After 20 Years of Relations Under the Radar, Israeli Mission in Abu Dhabi Is Set for an Upgrade

Meanwhile, Israeli foreign minister talks with counterparts in three additional Arab countries following conversations with foreign minister's of Oman and UAE

Noa Landau
Noa Landau
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Israeli and UAE flags fly in Netanya, August 16, 2020.
Israeli and UAE flags fly in Netanya, August 16, 2020.Credit: NIR ELIAS/Reuters
Noa Landau
Noa Landau

For over 20 years, Israel has carried out secret diplomatic relations with the United Arab Emirates, which became permanently visible last week. The Israeli Foreign Ministry is now preparing to upgrade the Israeli mission in Abu Dhabi to an official embassy. 

Until now the mission was located there under cover as a part of the UN International Renewable Energy Agency.

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In addition to Mossad activities in the area, the Foreign Ministry has been very active in the Persian Gulf in the past two decades, and maintains contact with government officials, unofficial figures and business firms. Over the past several years, there has been a spike in the number of visits by official Israeli delegations to the Gulf. If four delegations visited the UAE between 2016 and 2018, 15 delegations made such trips in 2019 alone. These figures also don’t include businesspeople who traveled independently.

The mission  was upgraded in October 2017 to the status of a permanent and recognized representation, complete with diplomatic passports and an Israeli flag inside the UN office.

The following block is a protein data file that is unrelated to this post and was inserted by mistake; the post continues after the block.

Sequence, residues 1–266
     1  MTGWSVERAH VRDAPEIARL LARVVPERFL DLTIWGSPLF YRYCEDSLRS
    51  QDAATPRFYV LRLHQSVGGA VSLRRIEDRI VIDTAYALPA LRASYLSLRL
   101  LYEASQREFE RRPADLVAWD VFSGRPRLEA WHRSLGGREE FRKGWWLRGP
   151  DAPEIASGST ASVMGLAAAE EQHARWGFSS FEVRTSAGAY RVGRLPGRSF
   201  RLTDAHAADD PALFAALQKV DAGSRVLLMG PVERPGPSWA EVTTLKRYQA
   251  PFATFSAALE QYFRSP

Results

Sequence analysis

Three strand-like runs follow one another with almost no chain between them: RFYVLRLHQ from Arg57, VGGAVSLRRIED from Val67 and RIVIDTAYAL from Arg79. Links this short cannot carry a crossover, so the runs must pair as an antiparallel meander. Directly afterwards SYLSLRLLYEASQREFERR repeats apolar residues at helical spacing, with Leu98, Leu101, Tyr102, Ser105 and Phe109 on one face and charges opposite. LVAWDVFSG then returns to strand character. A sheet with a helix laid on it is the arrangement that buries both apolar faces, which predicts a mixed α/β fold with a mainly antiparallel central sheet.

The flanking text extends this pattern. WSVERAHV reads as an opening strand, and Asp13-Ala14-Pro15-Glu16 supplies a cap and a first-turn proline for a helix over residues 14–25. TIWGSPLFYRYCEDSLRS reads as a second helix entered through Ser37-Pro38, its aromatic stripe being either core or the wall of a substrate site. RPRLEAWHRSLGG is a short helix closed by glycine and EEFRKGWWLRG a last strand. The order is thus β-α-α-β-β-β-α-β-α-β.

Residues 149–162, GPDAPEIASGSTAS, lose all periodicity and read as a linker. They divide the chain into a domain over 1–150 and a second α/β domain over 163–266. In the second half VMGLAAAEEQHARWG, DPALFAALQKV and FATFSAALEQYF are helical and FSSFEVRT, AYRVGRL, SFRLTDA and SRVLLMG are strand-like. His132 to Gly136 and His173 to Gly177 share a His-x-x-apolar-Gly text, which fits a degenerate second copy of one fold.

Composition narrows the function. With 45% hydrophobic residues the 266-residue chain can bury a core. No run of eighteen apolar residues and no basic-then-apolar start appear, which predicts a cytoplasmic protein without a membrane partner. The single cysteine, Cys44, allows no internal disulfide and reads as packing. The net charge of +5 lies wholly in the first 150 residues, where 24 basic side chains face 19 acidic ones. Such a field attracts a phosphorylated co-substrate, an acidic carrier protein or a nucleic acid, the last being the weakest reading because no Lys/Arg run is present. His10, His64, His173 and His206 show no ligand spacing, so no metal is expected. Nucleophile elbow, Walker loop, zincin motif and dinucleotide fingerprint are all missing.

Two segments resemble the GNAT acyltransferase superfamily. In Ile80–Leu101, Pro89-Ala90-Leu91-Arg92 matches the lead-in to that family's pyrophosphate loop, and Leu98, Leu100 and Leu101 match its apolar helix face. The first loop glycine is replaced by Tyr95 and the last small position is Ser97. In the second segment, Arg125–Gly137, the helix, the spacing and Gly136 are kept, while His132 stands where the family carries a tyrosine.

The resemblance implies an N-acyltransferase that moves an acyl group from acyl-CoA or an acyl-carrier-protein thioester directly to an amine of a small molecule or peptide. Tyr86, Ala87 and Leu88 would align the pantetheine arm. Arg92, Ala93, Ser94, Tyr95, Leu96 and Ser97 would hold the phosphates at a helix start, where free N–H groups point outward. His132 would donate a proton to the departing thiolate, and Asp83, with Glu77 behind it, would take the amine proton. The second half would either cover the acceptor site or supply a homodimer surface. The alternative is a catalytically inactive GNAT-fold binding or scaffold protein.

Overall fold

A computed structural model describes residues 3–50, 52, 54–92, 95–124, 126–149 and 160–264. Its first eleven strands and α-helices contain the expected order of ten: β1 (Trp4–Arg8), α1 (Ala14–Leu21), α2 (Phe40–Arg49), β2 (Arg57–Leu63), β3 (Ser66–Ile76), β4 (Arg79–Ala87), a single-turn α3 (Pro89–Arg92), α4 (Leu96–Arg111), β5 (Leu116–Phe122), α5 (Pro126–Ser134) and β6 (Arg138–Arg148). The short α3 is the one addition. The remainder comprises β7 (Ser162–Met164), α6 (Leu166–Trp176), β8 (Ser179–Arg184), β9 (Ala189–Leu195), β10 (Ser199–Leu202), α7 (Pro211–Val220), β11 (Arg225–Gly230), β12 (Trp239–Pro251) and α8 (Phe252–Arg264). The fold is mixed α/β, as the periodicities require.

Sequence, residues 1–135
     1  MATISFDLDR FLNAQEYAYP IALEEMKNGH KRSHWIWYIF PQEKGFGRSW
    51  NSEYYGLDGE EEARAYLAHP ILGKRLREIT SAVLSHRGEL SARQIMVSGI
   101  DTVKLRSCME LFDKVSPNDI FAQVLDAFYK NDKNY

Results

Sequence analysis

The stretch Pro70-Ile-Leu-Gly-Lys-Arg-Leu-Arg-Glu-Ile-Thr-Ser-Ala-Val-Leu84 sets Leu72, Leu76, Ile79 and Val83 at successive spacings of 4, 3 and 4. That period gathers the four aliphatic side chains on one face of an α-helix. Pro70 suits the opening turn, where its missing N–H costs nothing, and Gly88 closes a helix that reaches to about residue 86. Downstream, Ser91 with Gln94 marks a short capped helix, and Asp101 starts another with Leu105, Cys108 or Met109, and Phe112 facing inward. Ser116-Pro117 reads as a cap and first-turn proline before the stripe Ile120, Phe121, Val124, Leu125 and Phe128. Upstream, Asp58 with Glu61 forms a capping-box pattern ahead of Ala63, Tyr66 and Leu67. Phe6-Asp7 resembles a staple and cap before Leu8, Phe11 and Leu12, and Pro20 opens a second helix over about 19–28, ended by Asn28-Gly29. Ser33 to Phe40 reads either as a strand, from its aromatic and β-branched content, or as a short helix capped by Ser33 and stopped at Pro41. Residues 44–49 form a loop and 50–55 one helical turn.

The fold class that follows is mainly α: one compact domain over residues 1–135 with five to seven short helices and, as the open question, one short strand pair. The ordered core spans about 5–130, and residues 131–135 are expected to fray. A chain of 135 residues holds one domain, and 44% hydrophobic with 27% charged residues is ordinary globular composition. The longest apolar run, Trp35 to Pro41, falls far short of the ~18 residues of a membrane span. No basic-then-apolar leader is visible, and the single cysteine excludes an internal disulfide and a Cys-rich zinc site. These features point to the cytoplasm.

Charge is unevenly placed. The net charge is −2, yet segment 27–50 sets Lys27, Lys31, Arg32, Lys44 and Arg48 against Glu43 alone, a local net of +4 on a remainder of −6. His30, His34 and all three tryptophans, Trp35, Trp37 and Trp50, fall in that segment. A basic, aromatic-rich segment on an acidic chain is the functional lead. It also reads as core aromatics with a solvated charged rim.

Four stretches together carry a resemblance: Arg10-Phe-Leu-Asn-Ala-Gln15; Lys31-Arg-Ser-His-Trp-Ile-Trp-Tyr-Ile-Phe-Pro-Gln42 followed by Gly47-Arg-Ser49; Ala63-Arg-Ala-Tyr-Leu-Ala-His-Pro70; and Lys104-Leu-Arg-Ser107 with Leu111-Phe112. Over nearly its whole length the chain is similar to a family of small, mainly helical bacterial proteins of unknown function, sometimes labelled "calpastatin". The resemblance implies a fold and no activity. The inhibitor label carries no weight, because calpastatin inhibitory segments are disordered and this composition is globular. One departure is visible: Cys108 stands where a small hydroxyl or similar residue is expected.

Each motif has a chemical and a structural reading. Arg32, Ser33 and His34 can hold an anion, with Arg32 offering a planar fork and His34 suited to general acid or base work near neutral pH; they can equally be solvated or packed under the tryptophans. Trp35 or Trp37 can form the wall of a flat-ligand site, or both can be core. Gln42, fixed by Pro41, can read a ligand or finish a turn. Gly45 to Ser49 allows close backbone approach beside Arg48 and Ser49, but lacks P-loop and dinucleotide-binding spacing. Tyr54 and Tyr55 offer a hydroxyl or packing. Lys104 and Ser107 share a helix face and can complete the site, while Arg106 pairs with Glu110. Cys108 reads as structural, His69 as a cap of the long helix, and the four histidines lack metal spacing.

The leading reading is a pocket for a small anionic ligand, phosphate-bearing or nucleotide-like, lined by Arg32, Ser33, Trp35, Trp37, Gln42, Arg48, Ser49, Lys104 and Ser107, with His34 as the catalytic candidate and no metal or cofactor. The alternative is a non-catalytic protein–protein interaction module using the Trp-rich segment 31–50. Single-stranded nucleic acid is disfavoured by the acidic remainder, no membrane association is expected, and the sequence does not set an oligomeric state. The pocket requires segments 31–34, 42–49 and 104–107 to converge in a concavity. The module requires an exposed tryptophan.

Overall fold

The ministry has helped some 500 Israeli companies operate in the UAE. Every week, approximately 10 Israeli firms ask for assistance in making contact with local companies there. The ministry has also hosted visits by UAE businesspeople in Israel.

A ministry representative at the Israel Export Institute helps connect Israeli firms with Gulf companies, with the most common areas of cooperation being water, technology, agriculture, health, homeland security and cyber technology. The ministry handles 20 joint projects estimated to be worth hundreds of millions of dollars.

Both Israel and the UAE are eyeing greater cooperation in the fight against the coronavirus pandemic. Last month, Abu Dhabi’s Group 42 and Israel’s Rafael signed a deal to develop fast coronavirus tests at airports. On the sidelines of the deal last week, the UAE's APEX and Israel's Tera Group also announced a joint venture in coronavirus research and development

Israel is also investing significant amounts of money to establish an Israeli pavilion at the Dubai Expo, which was postponed to October 2021. It is expected to draw a crowd of about 25 million visitors.

In a press briefing Tuesday, Israeli Foreign Minister Gabi Ashkenazi said he has spoken with his counterparts in three unknown Arab countries in the last week, hinting again at the fact that the UAE deal could foreshadow similar agreements with other nations.

Foreign Minister Gabi Ashkenazi in northern Israel, August 2020.
Foreign Minister Gabi Ashkenazi in northern Israel, August 2020.Credit: Gil Eliahu

This is in addition to already published calls with the foreign ministers of the UAE and Oman.

The prime minister kept Ashkenazi and his Kahol Lavan colleague, Defense Minister and Alternate Prime Minister Gantz, in the dark about the UAE deal, arguing in an interview that "they could speak uncontrollably" and he feared leaks.

Differences and turf wars within the Israeli executive has threatened to delay the talks surrounding the normalization agreement, with several agencies vying for taking the lead in negotiations with the UAE.

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